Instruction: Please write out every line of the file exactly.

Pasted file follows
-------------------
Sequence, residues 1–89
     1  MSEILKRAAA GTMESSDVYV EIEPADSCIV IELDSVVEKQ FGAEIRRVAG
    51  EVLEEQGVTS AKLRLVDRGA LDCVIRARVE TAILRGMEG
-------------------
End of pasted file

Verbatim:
Sequence, residues 1–89
     1  MSEILKRAAA GTMESSDVYV EIEPADSCIV IELDSVVEKQ FGAEIRRVAG
    51  EVLEEQGVTS AKLRLVDRGA LDCVIRARVE TAILRGMEG